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Science Seminar: Contributions of Indigenous, Local and Science knowledge systems toward understanding of White Shark (Carcharodon carcharias) mating in Aotearoa/New Zealand
During 70+ interviews with expert Maori, Local and Science knowledge holders during 2015/16 in Aotearoa/NZ (https://www.whitepointer.cloud), numerous undocumented insights were revealed about the behavioural ecology of White Sharks (Carcharodon carcharias). One of the most intriguing themes emerging from first-hand and traditional (i.e. trans-generational) sources extended well beyond the spartan scientific literature on the mating system in this species. When considered from an ethological perspective, the narrative elements combine to form a new hypothesis of phased White Shark courtship and mating that begins with early migration of juvenile and mature males to seasonally-hyperproductive nearshore feeding grounds (fish/pinniped), where males establish a local dominance hierarchy. Toward the end of hierarchy formation, large reproductively-primed females arrive at the staging area and engage in preliminary mate choice from individuals in the hierarchy. Temporary male-female pairing leads to courtship behaviour (including ritualized feeding behaviour?) en route to suitable mating substrate. Courtship culminates with a brief yet intense encounter, in which the female allows ritualized mouthing, benthic rolling, clasper insertion and intromission – after which the mates immediately disperse from each other. Narrative evidence is presented for each phase of this hypothesis, along with evidence and hypotheses from the published scientific literature.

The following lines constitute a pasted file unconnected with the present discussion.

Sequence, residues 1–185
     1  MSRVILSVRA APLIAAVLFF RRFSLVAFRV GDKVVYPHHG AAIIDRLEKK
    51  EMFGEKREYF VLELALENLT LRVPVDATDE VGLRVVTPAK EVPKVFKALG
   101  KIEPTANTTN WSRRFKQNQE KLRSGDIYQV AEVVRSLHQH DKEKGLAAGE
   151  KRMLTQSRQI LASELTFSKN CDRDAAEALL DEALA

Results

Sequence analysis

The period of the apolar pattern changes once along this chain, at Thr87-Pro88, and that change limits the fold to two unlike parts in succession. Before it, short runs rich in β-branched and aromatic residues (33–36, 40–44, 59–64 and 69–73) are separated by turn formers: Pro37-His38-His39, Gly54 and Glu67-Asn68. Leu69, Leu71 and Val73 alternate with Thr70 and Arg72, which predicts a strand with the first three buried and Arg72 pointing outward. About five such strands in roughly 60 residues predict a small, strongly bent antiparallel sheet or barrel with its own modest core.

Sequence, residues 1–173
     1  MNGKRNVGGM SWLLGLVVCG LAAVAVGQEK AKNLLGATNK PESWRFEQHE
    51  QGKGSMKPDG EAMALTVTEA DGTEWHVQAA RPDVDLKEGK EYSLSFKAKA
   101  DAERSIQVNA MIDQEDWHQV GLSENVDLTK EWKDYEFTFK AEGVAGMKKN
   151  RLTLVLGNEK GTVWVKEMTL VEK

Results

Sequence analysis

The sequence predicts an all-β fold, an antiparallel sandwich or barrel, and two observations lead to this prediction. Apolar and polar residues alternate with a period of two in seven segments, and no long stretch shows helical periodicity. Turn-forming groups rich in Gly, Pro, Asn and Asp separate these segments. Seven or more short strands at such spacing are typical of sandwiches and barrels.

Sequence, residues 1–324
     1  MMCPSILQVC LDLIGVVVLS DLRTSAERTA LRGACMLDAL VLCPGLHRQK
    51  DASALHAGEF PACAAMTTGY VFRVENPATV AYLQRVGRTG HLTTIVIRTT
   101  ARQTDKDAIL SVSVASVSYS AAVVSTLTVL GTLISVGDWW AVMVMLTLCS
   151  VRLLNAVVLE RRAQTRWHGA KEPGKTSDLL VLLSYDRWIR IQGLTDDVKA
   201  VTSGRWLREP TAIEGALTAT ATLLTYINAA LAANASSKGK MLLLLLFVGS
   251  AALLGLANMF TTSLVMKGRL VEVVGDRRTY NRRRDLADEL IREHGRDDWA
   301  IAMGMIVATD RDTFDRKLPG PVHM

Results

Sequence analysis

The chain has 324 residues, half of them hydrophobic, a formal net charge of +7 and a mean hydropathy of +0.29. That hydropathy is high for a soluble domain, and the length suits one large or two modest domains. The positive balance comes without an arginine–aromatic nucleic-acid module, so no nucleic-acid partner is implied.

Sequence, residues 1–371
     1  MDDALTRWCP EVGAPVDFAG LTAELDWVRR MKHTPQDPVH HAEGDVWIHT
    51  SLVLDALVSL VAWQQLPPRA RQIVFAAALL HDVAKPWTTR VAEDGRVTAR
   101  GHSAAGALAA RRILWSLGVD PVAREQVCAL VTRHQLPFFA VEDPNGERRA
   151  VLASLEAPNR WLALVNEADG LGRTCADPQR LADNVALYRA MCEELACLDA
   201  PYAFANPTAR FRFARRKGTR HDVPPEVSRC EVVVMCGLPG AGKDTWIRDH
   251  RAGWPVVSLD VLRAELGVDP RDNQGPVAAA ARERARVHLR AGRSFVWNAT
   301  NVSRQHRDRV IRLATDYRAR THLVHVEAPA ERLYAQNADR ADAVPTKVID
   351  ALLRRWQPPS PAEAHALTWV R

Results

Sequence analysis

Seminar presented by Dr. Steve Crawford, Associate Professor at the University of Guelph.
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